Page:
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NEW YORK (
TheStreet) -- The Fox Network unveiled its new dramas, comedies and "unscripted" (re: reality) shows for the fall and winter at Manhattan's Beacon Theatre this week, giving a packed house of advertising executives a glimpse of the new programming which its parent,
News Corp.(NWSA - Get Report), has spent many millions to produce.
Fox is coming off a rough 12 months in which advertising and ratings dropped, and Kevin Reilly, head of its entertainment division, acknowledged that bit of reality by telling ad-buyers that this year will be different. Count on it, he said.
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The network's new shows include
Sleepy Hollow, a drama based on Washington Irving's famous short stories that's part horror, part sci-fi, lighter fare such as
Dads starring Seth Green and a wacky police comedy called
Brooklyn Nine-Nine. Who knows what will work? Fox needs to find a cash-cow that can even approximate
American Idol, a program that remains integral to News Corp. profits even as it has lost about 25% of its viewers this season.
Kevin Reilly said Fox doesn't just throw a lot of stuff against a wall to see what sticks but picking TV winners is at best an educated guess. Audiences are fickle. Finding hits among this latest jumble of drama and comedies requires spending a lot of money and a willingness to lose some of its absorbing duds.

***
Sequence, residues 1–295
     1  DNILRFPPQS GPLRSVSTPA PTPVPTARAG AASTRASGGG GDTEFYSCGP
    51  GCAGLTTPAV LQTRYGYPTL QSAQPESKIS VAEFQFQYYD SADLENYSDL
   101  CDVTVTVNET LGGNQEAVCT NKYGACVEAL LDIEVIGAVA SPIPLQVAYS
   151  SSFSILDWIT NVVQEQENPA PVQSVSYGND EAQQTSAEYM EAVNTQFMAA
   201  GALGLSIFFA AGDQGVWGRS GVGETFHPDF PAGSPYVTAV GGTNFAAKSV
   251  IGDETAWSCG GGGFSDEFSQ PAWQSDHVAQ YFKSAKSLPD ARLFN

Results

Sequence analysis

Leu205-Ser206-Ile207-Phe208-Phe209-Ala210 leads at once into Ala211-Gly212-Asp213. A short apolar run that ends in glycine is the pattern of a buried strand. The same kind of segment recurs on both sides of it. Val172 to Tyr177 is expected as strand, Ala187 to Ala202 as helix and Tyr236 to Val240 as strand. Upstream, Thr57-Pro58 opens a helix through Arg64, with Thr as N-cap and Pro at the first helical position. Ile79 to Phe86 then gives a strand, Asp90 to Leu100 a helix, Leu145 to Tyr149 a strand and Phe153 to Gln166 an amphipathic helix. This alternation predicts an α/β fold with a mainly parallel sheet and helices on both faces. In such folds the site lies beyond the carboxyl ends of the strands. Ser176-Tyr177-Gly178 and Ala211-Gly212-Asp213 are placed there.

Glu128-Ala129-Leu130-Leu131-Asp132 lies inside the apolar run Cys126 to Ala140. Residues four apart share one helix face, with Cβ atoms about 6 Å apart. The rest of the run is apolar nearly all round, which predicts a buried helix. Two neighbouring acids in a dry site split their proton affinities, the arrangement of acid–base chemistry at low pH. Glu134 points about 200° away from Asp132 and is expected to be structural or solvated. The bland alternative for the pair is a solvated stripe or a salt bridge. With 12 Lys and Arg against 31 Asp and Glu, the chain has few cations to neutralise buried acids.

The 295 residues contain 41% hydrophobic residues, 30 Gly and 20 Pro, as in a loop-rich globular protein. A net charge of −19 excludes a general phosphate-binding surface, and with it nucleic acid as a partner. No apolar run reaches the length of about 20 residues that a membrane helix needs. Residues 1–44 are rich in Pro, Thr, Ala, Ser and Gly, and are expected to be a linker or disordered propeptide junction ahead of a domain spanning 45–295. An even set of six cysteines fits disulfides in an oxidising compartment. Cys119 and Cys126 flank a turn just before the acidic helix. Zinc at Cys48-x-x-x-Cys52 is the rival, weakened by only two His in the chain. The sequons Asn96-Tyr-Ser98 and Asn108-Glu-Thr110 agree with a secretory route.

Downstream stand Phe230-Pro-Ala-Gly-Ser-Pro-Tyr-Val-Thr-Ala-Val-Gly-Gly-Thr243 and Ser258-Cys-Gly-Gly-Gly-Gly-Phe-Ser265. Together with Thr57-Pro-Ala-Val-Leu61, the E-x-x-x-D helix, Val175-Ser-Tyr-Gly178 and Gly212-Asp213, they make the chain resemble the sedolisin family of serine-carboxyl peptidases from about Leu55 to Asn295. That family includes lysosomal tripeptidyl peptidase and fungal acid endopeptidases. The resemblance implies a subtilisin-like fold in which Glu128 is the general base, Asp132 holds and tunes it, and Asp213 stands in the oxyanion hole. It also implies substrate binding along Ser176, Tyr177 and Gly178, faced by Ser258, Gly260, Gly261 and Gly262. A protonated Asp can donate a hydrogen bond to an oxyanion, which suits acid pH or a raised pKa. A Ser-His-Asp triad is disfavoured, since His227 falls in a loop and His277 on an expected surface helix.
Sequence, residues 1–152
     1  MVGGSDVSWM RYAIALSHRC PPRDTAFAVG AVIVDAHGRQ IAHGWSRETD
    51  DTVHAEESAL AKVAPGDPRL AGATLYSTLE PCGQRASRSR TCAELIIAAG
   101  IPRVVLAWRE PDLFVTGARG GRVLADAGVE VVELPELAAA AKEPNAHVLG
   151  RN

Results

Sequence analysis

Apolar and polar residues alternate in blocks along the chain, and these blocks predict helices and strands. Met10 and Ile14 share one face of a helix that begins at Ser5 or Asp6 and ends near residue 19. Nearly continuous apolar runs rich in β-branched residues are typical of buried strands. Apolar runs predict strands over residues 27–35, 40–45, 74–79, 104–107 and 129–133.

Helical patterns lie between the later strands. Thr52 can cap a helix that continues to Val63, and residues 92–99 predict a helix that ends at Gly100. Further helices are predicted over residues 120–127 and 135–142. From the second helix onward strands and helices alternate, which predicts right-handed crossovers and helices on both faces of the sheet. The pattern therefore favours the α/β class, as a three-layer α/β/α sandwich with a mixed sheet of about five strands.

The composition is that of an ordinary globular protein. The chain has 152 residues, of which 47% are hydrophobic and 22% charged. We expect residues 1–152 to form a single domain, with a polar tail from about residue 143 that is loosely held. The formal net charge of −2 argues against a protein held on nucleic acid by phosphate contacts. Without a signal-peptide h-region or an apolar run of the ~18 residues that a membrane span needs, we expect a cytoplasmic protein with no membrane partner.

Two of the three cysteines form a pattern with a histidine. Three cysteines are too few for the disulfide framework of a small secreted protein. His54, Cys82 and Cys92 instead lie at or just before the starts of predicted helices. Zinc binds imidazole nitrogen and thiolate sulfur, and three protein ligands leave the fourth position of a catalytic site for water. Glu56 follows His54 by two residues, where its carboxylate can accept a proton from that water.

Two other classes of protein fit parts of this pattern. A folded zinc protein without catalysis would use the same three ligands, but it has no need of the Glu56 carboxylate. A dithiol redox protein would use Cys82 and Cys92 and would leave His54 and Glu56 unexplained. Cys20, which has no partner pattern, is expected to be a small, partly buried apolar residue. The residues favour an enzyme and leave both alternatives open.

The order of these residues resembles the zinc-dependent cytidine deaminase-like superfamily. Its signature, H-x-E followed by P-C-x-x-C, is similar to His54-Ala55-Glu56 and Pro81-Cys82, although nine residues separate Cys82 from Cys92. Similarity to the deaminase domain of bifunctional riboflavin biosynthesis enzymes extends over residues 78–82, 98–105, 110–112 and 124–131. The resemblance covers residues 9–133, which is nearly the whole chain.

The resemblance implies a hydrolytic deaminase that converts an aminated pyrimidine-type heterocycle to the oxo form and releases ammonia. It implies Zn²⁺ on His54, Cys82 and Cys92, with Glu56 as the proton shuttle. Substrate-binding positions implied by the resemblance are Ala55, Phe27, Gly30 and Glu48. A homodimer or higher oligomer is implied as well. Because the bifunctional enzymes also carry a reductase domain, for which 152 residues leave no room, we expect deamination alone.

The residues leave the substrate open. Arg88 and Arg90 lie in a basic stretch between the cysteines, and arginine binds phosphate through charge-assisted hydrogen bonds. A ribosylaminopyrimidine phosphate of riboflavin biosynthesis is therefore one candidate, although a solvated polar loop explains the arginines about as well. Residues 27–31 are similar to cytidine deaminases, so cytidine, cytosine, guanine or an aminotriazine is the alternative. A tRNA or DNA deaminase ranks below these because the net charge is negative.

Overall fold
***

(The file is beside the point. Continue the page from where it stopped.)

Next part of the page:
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"We're making the biggest investment in original programming in our history," Reilly told the crowd. In short, Fox is making some big bets to find something that really works.
So what does work? After all, in this age of media fragmentation, even
AOL(AOL) is producing its own scripted content.
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Crosstown at the Best Buy Theatre in Times Square, ESPN, the sports colossus of
Walt Disney(DIS - Get Report), gathered to trumpet its stable of contracts featuring Major League Baseball, professional and college basketball, college football, world soccer's FIFA, the X-Games and Monday Night Football. That's quite a list.
ESPN also unveiled a new show called
NFL Insiders, which will run for an hour during the week as part of the network's effort to sell more advertising Monday through Friday. Using that buzziest of buzzwords, ESPN said it was ramping up its "social media" strategy with plans to send a steady stream of highlights over